The day after the Blessing of the Fleet ceremony in Nelson, I went out fishing with the “Serious Fishing Club”. It was a day trip with Seabird Charters, with hosts Barry and Lyn. An excellent day, starting off a bit lumpy and grey then clearing up to give flat seas. We even managed to get up to fish off Stephens Island, which doesn’t always happen. You can see by that Google Maps link that we were right out in the middle of nowhere, far enough out to be quite different from the inshore environment. We saw dolphins, seals, albatross and some very nice fish.
For example, these were about to be put on ice:
But the fishing eventually got serious. Some large blue cod:
and a number of good-sized snapper:
I caught a Warehou, probably around 3 kg or more, mid-water in about 120m. It was one of 4 that day amongst the 12 of us. In fact, the overall catch was very good indeed with a high proportion of target species (and very few undersized cod, which I hate catching).
Our hosts worked hard the whole day, preparing gear for us to use, making sure that everyone was supplied with bait, sorting out tangles and birds nests, then cleaning the fish on the return trip. They were well equipped with sea ice too, dispatching the fish quickly and getting them onto ice fast. That makes a huge difference to quality and, after hosting quite a few Japanese visitors, it’s something that I have become quite obsessive about. The fish we keep give up their lives for us, the least we can do is respect that and look after the food they provide.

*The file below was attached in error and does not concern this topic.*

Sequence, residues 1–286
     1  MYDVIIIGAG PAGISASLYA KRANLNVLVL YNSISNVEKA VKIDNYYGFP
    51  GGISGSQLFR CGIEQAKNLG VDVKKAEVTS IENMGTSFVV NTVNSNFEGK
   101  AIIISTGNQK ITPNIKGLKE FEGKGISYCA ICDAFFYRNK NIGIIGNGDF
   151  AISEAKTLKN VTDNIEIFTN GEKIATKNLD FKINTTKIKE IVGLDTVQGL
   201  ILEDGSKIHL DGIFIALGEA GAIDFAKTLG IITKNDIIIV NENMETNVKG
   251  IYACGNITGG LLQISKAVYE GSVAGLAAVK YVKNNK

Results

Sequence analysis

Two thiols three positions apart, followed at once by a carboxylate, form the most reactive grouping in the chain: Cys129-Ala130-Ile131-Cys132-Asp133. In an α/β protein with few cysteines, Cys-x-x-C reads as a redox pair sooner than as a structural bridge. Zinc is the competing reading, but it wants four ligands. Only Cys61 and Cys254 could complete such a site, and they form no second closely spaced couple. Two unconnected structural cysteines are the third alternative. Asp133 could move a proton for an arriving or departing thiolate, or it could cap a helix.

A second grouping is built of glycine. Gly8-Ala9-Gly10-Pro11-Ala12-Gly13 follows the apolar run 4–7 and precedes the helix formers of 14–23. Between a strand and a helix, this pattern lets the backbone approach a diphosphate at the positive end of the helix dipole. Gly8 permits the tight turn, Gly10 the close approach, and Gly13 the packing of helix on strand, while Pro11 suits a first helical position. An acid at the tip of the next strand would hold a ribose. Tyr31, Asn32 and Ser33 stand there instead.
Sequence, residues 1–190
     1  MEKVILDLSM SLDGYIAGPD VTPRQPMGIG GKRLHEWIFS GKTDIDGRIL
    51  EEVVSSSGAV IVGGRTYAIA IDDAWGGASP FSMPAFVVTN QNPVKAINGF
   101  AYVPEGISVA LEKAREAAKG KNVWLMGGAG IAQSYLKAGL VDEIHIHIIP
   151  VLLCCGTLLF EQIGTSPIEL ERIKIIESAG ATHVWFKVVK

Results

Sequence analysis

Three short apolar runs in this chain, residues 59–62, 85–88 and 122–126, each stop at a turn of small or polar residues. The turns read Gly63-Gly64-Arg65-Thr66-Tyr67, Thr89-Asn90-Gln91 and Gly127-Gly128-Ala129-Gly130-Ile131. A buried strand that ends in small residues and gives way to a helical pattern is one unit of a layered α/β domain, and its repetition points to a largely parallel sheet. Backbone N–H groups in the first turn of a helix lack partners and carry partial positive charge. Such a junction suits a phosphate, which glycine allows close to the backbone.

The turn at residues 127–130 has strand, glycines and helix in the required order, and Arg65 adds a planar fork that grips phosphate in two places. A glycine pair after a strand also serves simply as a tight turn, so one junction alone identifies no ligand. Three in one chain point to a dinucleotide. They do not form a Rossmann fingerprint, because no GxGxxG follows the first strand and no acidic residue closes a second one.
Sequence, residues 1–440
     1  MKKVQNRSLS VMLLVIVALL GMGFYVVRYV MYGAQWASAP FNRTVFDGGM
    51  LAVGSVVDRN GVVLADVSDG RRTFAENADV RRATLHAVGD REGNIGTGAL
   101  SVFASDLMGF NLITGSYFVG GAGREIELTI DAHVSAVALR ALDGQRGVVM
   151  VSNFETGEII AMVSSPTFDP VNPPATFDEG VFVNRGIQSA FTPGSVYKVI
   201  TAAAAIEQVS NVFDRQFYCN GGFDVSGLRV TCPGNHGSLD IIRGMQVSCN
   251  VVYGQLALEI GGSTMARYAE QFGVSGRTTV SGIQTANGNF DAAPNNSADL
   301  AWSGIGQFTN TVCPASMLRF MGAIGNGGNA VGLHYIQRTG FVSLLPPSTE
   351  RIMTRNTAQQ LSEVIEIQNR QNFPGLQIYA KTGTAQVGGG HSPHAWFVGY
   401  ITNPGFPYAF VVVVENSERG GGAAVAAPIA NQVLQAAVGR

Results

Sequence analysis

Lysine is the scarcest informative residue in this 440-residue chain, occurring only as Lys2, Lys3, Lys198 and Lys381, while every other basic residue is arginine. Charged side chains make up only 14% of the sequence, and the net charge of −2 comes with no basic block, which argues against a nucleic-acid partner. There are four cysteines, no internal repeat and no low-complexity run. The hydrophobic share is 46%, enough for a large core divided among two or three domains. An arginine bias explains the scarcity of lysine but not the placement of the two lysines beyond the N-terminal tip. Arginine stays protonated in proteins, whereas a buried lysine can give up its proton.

I ended up with quite a lot of fish to take home. A limit bag of 3 blue cod, several snapper and the Warehou. Plus a heap of sea perch that no-one else wanted together with a pile of cod heads. All nicely packed in saltwater ice.
I don’t much like freezing fish, so spent the following day feeling rather like Father Christmas. Five families in our street had fresh fish for dinner over the next day or so. In addition, a friend at the marae received the cod heads plus some beautiful Warehou fillets to share amongst the kaumatua (I was very popular!) and I had lots of heads and frames for fish stock.
With my new domestic skills I was able to make good use of some of the fish stock in a fish stew. Some of this provided dinner last weekend when my wife was away, the rest has been frozen. (Oh, and our lemon tree received some food too.)
I’m starting to think that life without a full-time job can be quite fun!